Saturday

23rd Mar 2019

Obama vows to 'listen' to European critics on Internet snooping

  • Merkel "discussed at length" with Obama about the US online snooping programme (Photo: Bundesregierung/Kugler)

"Welcome among friends," German Chancellor Angela Merkel told US President Barack Obama in front of the Brandenburg Gate on Wednesday (19 June), where a few thousand people defied the scorching sun.

Just a few hours earlier, in a joint press conference, she said she had held "lengthy, in-depth talks" with the US leader on the so-called Prism programme, a secret online surveillance scheme targeting Americans and EU citizens alike in the pursuit of alleged terrorists and criminals.

Read and decide

Join EUobserver today

Support quality EU news

Get instant access to all articles — and 18 year's of archives. 30 days free trial.

... or join as a group

"For the German people it is important and necessary to debate these issues. People have concerns that there may some kind of a blanket, across-the-board gathering of information. And there are questions that have not yet been answered sufficiently, so the dialogue will continue," Merkel said.

While admitting that some of these covert intelligence-gathering programmes have helped thwart terrorist attacks, Merkel underlined the "need for proportionality" in surveillance by US intelligence services.

For his part, Obama said the surveillance is limited in scope and overseen by judges.

But he vowed to "listen to critics" and to have an "open debate" about it.

He explained that the programme is only aimed at finding leads on potential terrorist attacks, for instance "if someone from New York or Berlin called Osama Bin Laden's number."

Over 50 "threats" have been averted, not only in the US, but also in Europe, as a result of the operations, Obama said.

The US President denied that his secret services can access the emails or Facebook accounts of anyone in the world, as claimed by CIA whistleblower Edward Snowden earlier this month.

"This is not a situation in which we are rifling through the ordinary emails of German citizens or American citizens or French citizens or anybody else," Obama said.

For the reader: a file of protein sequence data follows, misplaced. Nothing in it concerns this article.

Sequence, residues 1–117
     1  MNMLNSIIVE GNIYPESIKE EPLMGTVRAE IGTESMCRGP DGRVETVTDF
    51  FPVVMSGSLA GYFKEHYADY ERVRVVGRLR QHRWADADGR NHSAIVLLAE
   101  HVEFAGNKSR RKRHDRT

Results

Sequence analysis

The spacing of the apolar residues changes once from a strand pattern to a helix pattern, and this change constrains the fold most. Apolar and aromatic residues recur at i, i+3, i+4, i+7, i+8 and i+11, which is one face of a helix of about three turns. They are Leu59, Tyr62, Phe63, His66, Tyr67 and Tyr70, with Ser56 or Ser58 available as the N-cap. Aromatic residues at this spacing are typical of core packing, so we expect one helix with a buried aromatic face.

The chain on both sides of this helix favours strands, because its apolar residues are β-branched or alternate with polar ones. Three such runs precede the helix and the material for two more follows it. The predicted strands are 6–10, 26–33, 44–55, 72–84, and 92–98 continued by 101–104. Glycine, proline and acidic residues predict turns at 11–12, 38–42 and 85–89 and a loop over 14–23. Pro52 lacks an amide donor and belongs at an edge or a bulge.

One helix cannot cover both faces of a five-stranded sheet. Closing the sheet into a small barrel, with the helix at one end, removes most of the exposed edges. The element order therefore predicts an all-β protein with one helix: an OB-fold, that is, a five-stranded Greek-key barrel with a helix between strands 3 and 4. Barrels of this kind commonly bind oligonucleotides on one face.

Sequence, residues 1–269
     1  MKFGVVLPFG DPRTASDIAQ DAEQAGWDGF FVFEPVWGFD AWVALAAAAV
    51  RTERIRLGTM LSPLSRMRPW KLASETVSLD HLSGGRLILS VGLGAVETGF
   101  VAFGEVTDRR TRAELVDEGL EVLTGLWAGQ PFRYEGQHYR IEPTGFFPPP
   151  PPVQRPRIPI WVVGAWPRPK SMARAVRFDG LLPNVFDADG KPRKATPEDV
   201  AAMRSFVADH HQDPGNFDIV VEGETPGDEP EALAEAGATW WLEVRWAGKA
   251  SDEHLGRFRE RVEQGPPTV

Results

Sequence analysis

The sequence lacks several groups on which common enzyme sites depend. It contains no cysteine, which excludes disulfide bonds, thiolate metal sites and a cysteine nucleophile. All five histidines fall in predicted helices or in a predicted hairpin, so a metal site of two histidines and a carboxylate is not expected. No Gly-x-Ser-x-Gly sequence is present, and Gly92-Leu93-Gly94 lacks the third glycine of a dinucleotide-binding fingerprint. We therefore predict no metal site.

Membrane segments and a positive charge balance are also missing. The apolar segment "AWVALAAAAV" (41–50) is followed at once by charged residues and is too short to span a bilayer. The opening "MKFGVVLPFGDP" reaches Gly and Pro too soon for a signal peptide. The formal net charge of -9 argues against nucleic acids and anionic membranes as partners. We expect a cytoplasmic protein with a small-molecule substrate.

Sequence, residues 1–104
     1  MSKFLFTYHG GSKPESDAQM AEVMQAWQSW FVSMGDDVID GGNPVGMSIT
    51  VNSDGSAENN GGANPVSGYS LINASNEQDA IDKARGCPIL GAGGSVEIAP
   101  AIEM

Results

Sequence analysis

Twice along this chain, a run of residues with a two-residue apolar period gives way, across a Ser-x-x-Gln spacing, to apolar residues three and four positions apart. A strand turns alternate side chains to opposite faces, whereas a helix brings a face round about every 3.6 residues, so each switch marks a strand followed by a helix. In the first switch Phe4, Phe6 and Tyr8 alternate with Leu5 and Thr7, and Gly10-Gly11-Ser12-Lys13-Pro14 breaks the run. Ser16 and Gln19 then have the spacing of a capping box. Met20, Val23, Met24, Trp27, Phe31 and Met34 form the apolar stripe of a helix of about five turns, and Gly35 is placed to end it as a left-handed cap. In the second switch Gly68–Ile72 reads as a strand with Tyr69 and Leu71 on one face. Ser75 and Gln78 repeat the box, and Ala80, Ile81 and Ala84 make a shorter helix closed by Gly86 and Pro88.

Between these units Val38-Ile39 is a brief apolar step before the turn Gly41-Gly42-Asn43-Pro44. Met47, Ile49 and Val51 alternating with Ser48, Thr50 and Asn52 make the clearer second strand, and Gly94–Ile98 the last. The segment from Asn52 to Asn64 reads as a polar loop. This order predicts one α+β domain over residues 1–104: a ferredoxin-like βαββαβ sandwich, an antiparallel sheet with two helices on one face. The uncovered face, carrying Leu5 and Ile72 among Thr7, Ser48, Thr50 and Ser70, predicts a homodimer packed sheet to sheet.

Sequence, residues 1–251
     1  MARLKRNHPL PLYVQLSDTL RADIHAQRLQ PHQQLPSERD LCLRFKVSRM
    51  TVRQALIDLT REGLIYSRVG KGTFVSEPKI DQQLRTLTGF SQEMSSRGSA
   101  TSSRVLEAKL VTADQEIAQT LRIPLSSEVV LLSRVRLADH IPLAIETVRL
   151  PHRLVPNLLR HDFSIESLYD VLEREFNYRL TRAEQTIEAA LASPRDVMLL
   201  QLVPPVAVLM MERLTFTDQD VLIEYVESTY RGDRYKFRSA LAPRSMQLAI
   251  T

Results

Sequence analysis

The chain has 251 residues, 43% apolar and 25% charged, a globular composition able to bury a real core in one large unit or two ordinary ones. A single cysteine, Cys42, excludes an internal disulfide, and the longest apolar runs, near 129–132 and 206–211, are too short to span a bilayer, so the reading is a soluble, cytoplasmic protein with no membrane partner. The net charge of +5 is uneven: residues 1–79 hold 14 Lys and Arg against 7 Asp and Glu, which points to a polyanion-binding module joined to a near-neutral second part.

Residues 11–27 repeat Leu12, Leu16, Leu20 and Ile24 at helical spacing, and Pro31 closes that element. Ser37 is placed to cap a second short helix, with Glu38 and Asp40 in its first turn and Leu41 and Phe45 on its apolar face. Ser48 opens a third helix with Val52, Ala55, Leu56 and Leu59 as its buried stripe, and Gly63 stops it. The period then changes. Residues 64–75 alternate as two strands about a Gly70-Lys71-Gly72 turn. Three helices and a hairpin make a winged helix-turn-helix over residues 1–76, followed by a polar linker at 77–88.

"This is not a situation where we simply go into the Internet and start searching any way that we want. This is a circumscribed, narrow system directed at us being able to protect our people. And all of it is done under the oversight of the courts," he added.

Citing James Madison, one of the first presidents of the United States, Obama later in a speech at the Brandenburg Gate said the US cannot endure a state of "perpetual war."

He indicated that this entails closing the US' extra-judicial detention centre for terrorist suspects in Guantanamo, Cuba.

He said this also means "balancing the pursuit of security with the protection of privacy."

"I’m confident that that balance can be struck. I’m confident of that, and I’m confident that working with Germany, we can keep each other safe while at the same time maintaining those essential values for which we fought for," Obama noted.

Small protests against the Prism programme have been taking place in Berlin over the past two days.

The rallies came after leaked files show that the US did more spying on Germany than any other EU country.

For its part, he Internet-freedom-loving Pirate Party gathered about 100 people on Wednesday at the same spot where Obama first spoke in Berlin in 2008, a victory column two kilometres down the road from Obama's main venue this time around.

Dozens protested in Berlin against Obama's secret surveillance programme

News in Brief

  1. EU leaders at summit demand more effort on disinformation
  2. Report: Corbyn to meet May on Monday for Brexit talks
  3. Petition against Brexit attracts 2.4m signatures
  4. Study: Brexit to cost EU citizens up to €40bn annually
  5. NGOs demand France halt Saudi arm sales
  6. Report: Germany against EU net-zero emissions target
  7. Former top EU official takes job at law firm
  8. Draft text of EU summit has Brexit extension until 22 May

EU migrants sneaking into US from Mexico

Almost 1,000 Romanian nationals were caught trying to sneak into the United States in 2017, of which around half attempted to cross via Mexico. Nationals from countries like Hungary and the UK were also intercepted.

Stakeholders' Highlights

  1. Nordic Council of MinistersNew campaign: spot, capture and share Traces of North
  2. Nordic Council of MinistersLeading Nordic candidates go head-to-head in EU election debate
  3. Nordic Council of MinistersNew Secretary General: Nordic co-operation must benefit everybody
  4. Platform for Peace and JusticeMEP Kati Piri: “Our red line on Turkey has been crossed”
  5. UNICEF2018 deadliest year yet for children in Syria as war enters 9th year
  6. Nordic Council of MinistersNordic commitment to driving global gender equality
  7. International Partnership for Human RightsMeet your defender: Rasul Jafarov leading human rights defender from Azerbaijan
  8. UNICEFUNICEF Hosts MEPs in Jordan Ahead of Brussels Conference on the Future of Syria
  9. Nordic Council of MinistersNordic talks on parental leave at the UN
  10. International Partnership for Human RightsTrial of Chechen prisoner of conscience and human rights activist Oyub Titiev continues.
  11. Nordic Council of MinistersNordic food policy inspires India to be a sustainable superpower
  12. Nordic Council of MinistersMilestone for Nordic-Baltic e-ID

Latest News

  1. Italy takes China's new Silk Road to the heart of Europe
  2. What EU leaders agreed on climate - and what they mean
  3. Copyright and (another) new Brexit vote This WEEK
  4. EU avoids Brexit crash, sets new date for 12 April
  5. Campaigning commissioners blur the lines
  6. Slovakia puts squeeze on free press ahead of election
  7. EPP suspends Orban's Fidesz party
  8. Macron is confusing rigidity with strength

Join EUobserver

Support quality EU news

Join us